Kurds HLA Genes: Its Implications in Transplantation and Pharmacogenomics
Ali Amirzargar1, §, Diego Rey2, §, Ester Muñiz2, Jose Palacio-Grüber2, Behrouz Nikbin1, Hosein Nicknam1, Farideh Khosravi3, Hamidreza Joshghan4, Cristina Areces2, Mercedes Enríquez-de-Salamanca2, Narcisa Martinez-Quiles2, José Manuel Martín-Villa2, Antonio Arnaiz-Villena*, 2
Identifiers and Pagination:Year: 2015
First Page: 43
Last Page: 47
Publisher ID: MEDJ-2-43
Article History:Received Date: 3/11/2014
Revision Received Date: 17/1/2015
Acceptance Date: 22/7/2015
Electronic publication date: 31/8/2015
Collection year: 2015
open-access license: This is an open access article licensed under the terms of the Creative Commons Attribution Non-Commercial License (http://creativecommons.org/licenses/by-nc/3.0/) which permits unrestricted, non-commercial use, distribution and reproduction in any medium, provided the work is properly cited.
HLA genes (class I and II) have been studied in a Kurd population from Iran (North West towns of Saqqez and Baneh, close to Irak border). Kurds speak an Iranian language. HLA Kurd profile has been compared with those of Central Asians, Siberians, Mediterraneans and other worldwide populations; a total of 7746 chromosomes were used for computer comparisons. Both Neighbor-joining and correspondence genetic analyses place Kurds in the Mediterranean population cluster, close to Iranians, Europeans and Caucasus populations (Svan and Georgian). New extended HLA haplotypes are described, being A*02:01-B*35:01-DRB1*01:01-DQB1*05:01 and A*24:02-B*18:09-DRB1*11:01- DQB1*03:01 the most frequent ones; other Kurd extended haplotypes are also found in Azeris and Palestinians. This research work may be useful for: 1) future Iranian Kurds transplantation regional programs, 2) HLA pharmacogenomics in order to practise a preventive Medicine and drug side effects, and 3) Epidemiology of HLA-associated diseases in Kurds.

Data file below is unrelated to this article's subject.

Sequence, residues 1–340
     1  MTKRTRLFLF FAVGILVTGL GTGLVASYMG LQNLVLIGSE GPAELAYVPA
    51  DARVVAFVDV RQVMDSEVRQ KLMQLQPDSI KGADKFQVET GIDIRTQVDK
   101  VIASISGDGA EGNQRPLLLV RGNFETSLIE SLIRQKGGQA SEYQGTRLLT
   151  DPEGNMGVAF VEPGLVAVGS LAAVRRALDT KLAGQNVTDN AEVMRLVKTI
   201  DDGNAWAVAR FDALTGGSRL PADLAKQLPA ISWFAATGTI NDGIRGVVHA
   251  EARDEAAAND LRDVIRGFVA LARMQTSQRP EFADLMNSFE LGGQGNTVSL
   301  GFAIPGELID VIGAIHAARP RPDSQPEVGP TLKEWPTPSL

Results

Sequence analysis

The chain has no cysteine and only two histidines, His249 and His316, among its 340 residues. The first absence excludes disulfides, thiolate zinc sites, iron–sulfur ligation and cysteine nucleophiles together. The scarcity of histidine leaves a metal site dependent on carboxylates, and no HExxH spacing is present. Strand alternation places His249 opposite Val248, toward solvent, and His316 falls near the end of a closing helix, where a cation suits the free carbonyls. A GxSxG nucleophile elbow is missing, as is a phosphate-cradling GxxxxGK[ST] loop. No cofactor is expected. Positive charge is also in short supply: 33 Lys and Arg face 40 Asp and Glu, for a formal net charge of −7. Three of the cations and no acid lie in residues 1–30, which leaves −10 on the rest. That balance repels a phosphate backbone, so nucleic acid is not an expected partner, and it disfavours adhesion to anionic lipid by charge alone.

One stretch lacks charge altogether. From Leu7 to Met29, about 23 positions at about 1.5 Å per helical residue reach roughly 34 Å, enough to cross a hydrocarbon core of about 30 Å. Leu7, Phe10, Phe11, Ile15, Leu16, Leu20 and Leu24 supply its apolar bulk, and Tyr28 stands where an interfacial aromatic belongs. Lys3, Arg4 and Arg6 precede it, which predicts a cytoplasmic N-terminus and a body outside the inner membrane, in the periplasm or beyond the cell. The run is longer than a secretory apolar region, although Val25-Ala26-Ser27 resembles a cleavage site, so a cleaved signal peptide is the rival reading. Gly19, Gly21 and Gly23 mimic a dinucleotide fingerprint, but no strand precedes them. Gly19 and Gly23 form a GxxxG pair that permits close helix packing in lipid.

The HLA system is the most polymorphic genetic system described in humans. It consists of several closely linked loci encoding cell surface glycoproteins whose main function is activating immune system response through antigenic presentation. New loci and new alleles have continuously been described since HLA discovery (i.e.:1582 HLA-DRB1 alleles have been described up to October 2014; ). HLA gene frequencies have both a large degree of variability, and a remarkable geographical correlation and they are a very useful tool to infer genetic background and ethnical composition of modern human populations and also for tracing migration of ancient ones; e.g.: certain alleles are frequent only in specific populations (i.e. A36:01, A43:01 in Negroids ). In addition, certain combinations of contiguous alleles due to the strong linkage disequilibrium between HLA neighbouring loci show a characteristic frequency or are distinctive in many present day populations . Also, HLA genetic system is a unique tool for studying the origins of relatively isolated groups, like the Kurd people living in Iran (see below, Fig. 1). Finally, HLA alleles are linked to diseases and also to response to drug treatments, which accomplishes relationships of certain HLA alleles with at least fifteen different pathologies treatment including AIDS . This is important in personalized treatments design.
Map of the area referred in the text. Green dots area defines Kurds distribution (Kurdistan); small dots: high density; big dots: low density. Black dots represent location of study samples.
Correspondence analysis showing a global view of the relationship between Kurds and Mediterranean, Siberians, and other World populations according to HLA-DRB1 allele frequencies in three dimensions (bidimensional representation).